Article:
Permafrost is permanently frozen soil—soil that remains at or below 0°C for at least two consecutive years—and occurs mostly in high latitudes. Permafrost can occur beneath the land surface (terrestrial permafrost) and beneath the seafloor (subsea permafrost).
The ice content and temperature of permafrost are the key parameters that determine its physical state. Scientists use permafrost temperature, measured at a depth where seasonal variations cease to occur, as an indicator of long-term change and to represent the mean annual ground temperature.
Permafrost temperatures have increased in most regions since the early 1980s in response to increased surface temperature and changing snow cover.
By 2100, scientists expect the area of permafrost near the surface to decrease by between 37 to 81 percent, depending on the level of 21st century greenhouse gas emissions.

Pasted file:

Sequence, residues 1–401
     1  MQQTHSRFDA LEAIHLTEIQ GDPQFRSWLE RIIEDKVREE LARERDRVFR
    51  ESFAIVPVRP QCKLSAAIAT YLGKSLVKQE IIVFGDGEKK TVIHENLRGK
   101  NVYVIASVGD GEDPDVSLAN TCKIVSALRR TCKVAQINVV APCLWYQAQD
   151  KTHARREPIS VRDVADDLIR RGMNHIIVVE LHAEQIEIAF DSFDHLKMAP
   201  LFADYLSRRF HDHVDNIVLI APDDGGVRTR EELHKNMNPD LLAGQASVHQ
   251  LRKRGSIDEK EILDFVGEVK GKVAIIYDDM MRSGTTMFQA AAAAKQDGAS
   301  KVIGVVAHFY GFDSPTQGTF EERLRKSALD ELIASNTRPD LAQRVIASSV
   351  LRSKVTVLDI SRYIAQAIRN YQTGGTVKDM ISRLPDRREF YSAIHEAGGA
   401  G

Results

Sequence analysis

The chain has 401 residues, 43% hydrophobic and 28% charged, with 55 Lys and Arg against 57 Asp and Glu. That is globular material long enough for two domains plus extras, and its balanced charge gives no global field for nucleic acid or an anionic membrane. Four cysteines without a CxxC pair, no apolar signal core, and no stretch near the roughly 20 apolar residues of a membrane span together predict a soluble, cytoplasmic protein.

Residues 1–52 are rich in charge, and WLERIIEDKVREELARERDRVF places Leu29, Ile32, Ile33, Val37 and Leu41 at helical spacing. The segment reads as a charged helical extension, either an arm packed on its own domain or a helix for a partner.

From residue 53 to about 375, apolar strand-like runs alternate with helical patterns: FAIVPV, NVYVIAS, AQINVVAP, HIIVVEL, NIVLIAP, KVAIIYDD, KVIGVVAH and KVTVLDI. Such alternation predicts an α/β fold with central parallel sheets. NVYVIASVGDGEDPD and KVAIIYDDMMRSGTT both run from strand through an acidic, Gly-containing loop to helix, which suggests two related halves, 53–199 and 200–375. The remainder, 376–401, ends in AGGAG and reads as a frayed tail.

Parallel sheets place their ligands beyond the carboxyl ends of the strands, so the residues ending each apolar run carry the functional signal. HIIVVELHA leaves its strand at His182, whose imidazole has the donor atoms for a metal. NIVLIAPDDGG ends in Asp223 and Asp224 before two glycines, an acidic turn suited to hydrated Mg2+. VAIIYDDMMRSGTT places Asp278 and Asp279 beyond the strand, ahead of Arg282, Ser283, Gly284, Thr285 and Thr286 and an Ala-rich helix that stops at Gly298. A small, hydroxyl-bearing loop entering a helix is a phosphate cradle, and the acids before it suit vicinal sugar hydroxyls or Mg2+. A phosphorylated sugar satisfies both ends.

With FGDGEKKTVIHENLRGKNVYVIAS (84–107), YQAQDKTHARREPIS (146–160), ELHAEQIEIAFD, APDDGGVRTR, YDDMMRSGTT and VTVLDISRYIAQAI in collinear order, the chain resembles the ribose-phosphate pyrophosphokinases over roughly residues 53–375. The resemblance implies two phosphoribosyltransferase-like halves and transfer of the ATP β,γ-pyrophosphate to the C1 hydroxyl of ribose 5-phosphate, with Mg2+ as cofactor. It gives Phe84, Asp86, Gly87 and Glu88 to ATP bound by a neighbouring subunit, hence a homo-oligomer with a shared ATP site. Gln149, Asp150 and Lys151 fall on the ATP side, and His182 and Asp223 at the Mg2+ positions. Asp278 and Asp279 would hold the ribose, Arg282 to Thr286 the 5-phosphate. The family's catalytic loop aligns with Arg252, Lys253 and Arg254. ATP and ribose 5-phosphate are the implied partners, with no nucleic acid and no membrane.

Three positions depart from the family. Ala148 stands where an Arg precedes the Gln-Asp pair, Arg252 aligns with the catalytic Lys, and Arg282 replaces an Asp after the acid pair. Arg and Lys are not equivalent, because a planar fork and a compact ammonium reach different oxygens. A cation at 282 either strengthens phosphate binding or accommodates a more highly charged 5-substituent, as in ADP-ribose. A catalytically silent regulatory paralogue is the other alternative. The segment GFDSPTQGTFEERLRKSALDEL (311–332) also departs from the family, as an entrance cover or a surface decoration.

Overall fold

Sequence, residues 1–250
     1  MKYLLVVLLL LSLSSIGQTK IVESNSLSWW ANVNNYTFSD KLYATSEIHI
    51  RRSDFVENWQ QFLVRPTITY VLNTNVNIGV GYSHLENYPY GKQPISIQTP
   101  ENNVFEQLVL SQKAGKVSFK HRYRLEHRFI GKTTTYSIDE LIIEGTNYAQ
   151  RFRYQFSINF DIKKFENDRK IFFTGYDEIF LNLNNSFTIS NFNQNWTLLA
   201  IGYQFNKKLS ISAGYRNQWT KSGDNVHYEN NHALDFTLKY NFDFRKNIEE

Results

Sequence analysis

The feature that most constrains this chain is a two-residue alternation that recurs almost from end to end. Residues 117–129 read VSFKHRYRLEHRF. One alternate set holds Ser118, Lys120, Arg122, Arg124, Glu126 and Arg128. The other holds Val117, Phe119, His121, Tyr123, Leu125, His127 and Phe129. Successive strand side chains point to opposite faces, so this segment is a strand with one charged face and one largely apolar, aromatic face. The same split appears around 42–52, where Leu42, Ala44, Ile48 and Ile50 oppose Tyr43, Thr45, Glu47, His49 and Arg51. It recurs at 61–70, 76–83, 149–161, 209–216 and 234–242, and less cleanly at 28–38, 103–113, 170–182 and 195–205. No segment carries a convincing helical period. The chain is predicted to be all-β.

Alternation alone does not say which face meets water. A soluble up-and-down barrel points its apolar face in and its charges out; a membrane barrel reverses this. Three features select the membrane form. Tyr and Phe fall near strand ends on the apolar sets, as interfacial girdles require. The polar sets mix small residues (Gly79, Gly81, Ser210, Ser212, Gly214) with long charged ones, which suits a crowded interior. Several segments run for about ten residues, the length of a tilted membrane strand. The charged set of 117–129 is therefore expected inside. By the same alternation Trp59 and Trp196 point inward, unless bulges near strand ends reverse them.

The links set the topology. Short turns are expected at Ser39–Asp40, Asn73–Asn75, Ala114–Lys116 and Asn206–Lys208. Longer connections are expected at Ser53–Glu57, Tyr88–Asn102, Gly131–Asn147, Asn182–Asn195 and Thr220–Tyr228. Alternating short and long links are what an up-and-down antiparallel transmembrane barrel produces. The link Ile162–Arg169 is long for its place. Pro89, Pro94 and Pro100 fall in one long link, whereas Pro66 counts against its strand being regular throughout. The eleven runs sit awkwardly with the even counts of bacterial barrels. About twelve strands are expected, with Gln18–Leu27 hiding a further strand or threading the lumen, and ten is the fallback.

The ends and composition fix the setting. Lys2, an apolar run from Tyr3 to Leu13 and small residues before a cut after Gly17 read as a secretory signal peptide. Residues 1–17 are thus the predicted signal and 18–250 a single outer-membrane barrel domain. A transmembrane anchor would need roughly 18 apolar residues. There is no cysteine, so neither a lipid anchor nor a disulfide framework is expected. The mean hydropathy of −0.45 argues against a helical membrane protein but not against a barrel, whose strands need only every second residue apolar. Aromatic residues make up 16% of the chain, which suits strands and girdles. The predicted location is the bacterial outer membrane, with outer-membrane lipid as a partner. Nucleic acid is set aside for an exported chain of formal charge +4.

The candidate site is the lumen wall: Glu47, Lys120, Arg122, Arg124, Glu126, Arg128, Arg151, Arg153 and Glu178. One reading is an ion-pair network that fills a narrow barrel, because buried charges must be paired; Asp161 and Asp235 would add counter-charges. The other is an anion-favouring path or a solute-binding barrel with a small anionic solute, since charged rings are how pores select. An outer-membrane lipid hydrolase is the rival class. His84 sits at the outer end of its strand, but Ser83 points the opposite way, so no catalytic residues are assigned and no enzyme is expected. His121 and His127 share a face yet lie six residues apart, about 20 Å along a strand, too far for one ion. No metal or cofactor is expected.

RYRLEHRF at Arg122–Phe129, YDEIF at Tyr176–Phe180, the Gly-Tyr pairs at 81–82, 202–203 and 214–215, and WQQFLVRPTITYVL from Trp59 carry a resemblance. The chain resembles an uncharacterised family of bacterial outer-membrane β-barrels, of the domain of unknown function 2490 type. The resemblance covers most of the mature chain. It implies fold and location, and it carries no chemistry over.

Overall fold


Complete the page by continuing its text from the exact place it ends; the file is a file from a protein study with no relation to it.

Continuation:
Permafrost lays underneath about 80 percent of Alaska’s surface. It is thickest and widespread in northern Alaska, diminishing to a permafrost-free region in the far south. 70 percent of permafrost land in Alaska is vulnerable to land sinkage due to the steady rate of permafrost thaw.
In the arctic region of Alaska, permafrost warmed up to 5.4°F (3°C) from 1980 to 2000. Over the same period in the subarctic region—home to Alaska’s boreal forest—permafrost warmed 0.5-1.8°F (0.3°C-1°C) and is already beginning to thaw.
Some climate models project that near-surface permafrost will be lost entirely from large parts of Alaska by the end of this century. Some areas such as Fairbanks—Alaska’s second-largest city—are particularly vulnerable, because the ground temperature now hovers near the thaw point, making the permafrost on the verge of collapse and prone to thawing unevenly.